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Horrible Histories: Barmy Britain – Part Four review

“Daft, dirty, and gleefully puerile”

The fourth instalment of Birmingham Stage Company’s long running sketch show based on the delightfully nasty children’s franchise, Horrible Histories: Barmy Britain provides the usual short, sharp shock of historical trivia, low-key satire, and poop jokes.

Compared to previous productions, this is a stripped-down affair, lacking the usual impressive visuals, and performed by a cast of two, one of whom is the show’s writer and director Neal Foster.

Fortunately, there is still plenty of offbeat silliness on offer. Anthony Spargo throws himself gamely into playing an assortment of historical figures with finely pitched hamming. Foster, meanwhile, revels in relaying all the gory details, pausing now and then to offer deadpan disclaimers, or swing a dead cat at the audience.

Their appealing chemistry lends real energy to the procession of tenuously related sketches they trot out, which poke fun at a range of historical misconceptions, from the dubious “evidence” presented at witch trials, to the sustained character assassination suffered by actually fairly respectable monarch Richard III.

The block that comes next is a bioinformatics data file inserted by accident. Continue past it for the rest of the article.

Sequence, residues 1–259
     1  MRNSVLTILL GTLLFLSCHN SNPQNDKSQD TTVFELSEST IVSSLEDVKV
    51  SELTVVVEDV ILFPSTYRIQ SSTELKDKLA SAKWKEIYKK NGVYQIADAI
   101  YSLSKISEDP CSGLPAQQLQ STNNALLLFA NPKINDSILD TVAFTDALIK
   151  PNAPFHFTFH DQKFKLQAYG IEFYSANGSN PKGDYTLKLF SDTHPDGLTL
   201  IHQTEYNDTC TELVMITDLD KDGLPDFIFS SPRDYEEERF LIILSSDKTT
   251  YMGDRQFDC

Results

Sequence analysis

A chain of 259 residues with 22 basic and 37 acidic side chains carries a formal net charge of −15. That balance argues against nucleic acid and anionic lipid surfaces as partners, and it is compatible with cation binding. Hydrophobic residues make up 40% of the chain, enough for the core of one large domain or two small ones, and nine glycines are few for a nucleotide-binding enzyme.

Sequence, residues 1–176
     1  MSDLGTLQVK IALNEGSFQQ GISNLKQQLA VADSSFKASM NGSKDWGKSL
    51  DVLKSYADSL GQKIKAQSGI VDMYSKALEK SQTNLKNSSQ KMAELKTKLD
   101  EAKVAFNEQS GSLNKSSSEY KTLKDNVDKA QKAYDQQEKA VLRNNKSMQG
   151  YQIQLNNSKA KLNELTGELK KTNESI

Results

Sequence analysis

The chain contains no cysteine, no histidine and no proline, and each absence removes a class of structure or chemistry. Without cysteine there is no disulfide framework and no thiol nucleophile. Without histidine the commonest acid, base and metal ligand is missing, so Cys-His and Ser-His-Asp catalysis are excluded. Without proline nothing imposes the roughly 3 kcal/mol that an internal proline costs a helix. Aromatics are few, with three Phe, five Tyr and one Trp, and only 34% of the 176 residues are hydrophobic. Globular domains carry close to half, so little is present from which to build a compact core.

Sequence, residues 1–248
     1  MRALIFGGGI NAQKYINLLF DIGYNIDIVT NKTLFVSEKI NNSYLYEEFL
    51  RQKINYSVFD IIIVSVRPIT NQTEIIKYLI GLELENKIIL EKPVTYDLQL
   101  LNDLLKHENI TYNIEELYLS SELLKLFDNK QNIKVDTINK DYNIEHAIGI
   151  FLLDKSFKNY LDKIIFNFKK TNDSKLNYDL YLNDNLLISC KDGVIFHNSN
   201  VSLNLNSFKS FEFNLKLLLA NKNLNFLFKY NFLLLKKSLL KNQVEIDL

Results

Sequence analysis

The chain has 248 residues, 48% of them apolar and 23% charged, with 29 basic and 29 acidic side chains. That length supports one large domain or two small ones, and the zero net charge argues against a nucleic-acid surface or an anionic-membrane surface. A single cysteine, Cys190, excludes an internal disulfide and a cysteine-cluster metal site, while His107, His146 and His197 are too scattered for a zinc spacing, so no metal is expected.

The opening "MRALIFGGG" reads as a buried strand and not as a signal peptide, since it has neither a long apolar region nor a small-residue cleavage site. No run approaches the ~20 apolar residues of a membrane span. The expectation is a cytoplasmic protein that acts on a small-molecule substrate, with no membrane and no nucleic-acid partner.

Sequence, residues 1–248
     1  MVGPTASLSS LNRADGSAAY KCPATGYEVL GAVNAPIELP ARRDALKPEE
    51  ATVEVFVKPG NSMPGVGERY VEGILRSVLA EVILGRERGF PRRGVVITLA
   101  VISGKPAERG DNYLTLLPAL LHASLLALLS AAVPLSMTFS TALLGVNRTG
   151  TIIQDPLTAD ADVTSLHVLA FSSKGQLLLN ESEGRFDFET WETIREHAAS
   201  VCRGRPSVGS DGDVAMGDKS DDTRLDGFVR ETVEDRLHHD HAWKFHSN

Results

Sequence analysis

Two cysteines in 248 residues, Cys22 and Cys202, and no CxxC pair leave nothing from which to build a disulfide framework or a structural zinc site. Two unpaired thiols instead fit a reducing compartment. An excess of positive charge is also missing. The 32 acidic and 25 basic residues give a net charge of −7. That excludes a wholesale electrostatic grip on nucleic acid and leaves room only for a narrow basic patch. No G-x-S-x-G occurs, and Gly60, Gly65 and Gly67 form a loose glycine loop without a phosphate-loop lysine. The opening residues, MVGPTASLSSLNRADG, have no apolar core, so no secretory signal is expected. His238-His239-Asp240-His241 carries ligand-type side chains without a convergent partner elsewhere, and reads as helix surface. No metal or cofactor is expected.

While the tone wobbles uneasily from infantile to downright grisly, and though the pace tends to drop off during the ponderous costume changes, things bounce back during a handful of excellent songs. Set to Matthew Scott’s score – all peppy oompah and intentionally discordant accordion – these take in a Viking rap battle and a duet between Mary I and Mary Stuart. The show highlight is a pun-laden number riffing on Jason Derulo’s ‘Talk Dirty,’ where Victorian cesspit attendants discuss their daily business.

Production Details
Production nameHorrible Histories: Barmy Britain – Part Four review
VenueApollo Theatre
StartsAugust 3
EndsSeptember 1
Running time1hr 5mins
AuthorNeal Foster
ComposerMatthew Scott
DirectorNeal Foster
ChoreographerKenn Oldfield
Set designerJacqueline Trousdale
Lighting designerJason Taylor
Sound designerNick Sagar
CastAnthony Spargo, Neal Foster
Production managerAdrian Littlejohns
ProducerBirmingham Stage Company
VerdictWobbly fourth episode of Neal Foster’s subversive family show remains daft, dirty, and gleefully puerile
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Dave Fargnoli

Dave Fargnoli

Dave Fargnoli

Dave Fargnoli

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